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“No! I will NOT be that man’s wife!” protested Rebecca to her older brother, Abraham. She had no interest in becoming someone’s bride—she was just 11 years old.
Rebecca’s father had been killed years prior during the 30-year civil war in Sudan, so according to the custom of her people, the Nuer tribe, the oldest son became head of the family. That task fell to Abraham, who was now responsible for caring for his aging mother and arranging the marriages of his three sisters, beginning with Rebecca, the oldest—even if she was still a child. Opposing him would offend the culture of the Nuer people.
For Abraham, perhaps it was a sensible decision—his sister may not get many offers, after all. Or perhaps his primary motivation was a selfish one—with Rebecca gone he would have one less mouth to feed. And then there was the dowry to consider. All this was irrelevant to Rebecca, however; she only cared that she was not given a choice.
Abraham had been living in the capital city of Juba, South Sudan, with his new wife and baby daughter when a suitor had requested his sister’s hand. She and her two younger sisters were at that time living with their mother on land their family had owned for generations, but was now forced to come to Juba to marry a stranger.
Time was running out for Rebecca. Abraham had already accepted a cow, the common dowry in rural Sudan, from her would-be husband. Rebecca’s refusal infuriated her brother—not only because of her audacious disobedience, but also because Abraham stood to lose face before the man with whom he’d already sealed the deal.
Emboldened by her mother, who insisted 11 years of age was too young to marry, Rebecca remained resolute. Frustrated, Abraham threatened to beat Rebecca each day until she complied with his wishes.
But an unlikely hero suddenly came to Rebecca’s rescue. The civil war in Sudan, which would result in the formation of a new nation, South Sudan, had erupted afresh. Abraham relocated his family to the UN refugee camp in Juba for safety, then joined the rebels to fight against government forces. That was in 2011. Abraham has not been heard from since.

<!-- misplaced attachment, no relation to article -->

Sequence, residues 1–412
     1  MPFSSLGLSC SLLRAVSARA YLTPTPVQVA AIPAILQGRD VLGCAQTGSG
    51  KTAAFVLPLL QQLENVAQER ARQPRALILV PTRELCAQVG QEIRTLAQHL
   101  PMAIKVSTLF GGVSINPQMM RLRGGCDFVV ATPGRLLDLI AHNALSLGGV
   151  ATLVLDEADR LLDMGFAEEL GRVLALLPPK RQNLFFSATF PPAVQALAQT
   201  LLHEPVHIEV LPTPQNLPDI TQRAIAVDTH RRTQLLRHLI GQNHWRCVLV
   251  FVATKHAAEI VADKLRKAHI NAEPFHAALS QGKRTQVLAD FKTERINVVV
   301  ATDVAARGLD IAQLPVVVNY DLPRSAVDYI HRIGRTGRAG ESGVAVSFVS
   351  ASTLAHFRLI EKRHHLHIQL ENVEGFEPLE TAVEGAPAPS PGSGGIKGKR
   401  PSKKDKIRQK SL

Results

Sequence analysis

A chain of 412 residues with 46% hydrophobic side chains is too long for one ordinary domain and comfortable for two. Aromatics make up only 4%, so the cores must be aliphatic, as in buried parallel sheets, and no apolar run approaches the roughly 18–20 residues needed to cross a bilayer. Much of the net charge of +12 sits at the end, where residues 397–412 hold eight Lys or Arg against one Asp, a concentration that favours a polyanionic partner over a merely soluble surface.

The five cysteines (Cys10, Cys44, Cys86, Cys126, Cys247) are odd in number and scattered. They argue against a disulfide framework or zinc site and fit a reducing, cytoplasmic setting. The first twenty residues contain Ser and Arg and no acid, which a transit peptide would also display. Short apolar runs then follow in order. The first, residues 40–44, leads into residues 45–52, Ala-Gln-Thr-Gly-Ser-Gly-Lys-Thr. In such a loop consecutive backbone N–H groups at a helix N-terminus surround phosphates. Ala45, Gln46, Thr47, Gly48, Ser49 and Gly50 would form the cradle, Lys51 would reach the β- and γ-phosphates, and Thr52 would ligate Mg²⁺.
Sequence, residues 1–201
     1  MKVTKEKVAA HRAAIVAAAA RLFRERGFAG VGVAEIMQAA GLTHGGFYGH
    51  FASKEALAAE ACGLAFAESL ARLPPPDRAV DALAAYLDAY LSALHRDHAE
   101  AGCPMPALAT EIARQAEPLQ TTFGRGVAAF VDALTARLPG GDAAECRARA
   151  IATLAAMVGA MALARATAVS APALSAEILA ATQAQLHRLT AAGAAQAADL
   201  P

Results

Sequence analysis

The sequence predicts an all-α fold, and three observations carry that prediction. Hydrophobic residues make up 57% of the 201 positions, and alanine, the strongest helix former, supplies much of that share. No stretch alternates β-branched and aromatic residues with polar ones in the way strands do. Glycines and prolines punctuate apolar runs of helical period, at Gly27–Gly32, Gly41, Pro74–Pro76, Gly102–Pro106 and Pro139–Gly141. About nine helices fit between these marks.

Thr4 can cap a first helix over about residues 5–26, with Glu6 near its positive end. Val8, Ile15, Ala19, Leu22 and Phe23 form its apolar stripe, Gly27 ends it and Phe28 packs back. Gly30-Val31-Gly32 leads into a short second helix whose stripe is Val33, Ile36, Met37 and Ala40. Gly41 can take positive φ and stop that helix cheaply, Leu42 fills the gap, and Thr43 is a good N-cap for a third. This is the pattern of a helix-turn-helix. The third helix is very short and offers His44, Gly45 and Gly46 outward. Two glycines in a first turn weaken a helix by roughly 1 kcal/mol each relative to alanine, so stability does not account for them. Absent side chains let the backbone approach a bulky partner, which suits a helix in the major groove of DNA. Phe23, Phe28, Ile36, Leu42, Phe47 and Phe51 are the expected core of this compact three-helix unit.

Rebecca and her sisters stayed in the UN camp only a few days, then were taken to the Kakuma Refugee Camp in Kenya. An older woman, also fleeing the war, watched over the sisters. But she had ulterior motives. The two younger girls could attend the camp’s school, she said, if Rebecca stayed back to cook and do other chores for her. This saddened Rebecca, because she wanted to learn to read and write.
But Rebecca’s cry was heard. She soon learned her mother’s cousin Mary had moved to Naivasha, nearby, and was living at a Christian school for refugee girls that was supported by Heaven’s Family. Jumping at the opportunity, Rebecca quickly contacted Mary, who then invited Rebecca to join her. A few weeks later all three sisters were reunited and attending the same school.
The Lord had answered her prayers! Now she and her sisters attend school each day, learning more about God and being discipled in His Word. Rebecca spills over with thankfulness for what God has done for her. She knows how close she came to becoming a child bride, and a very young mother, too, no doubt—or a casualty of war.
Living in a safe, loving environment, Rebecca now has hope and can begin dreaming for her future. That dream is to open a school for orphaned girls in South Sudan after the war has ended—a place they can feel safe, get an education, and learn about the God who truly loves and cares about them. And she wants to help save other young girls from becoming child brides, too.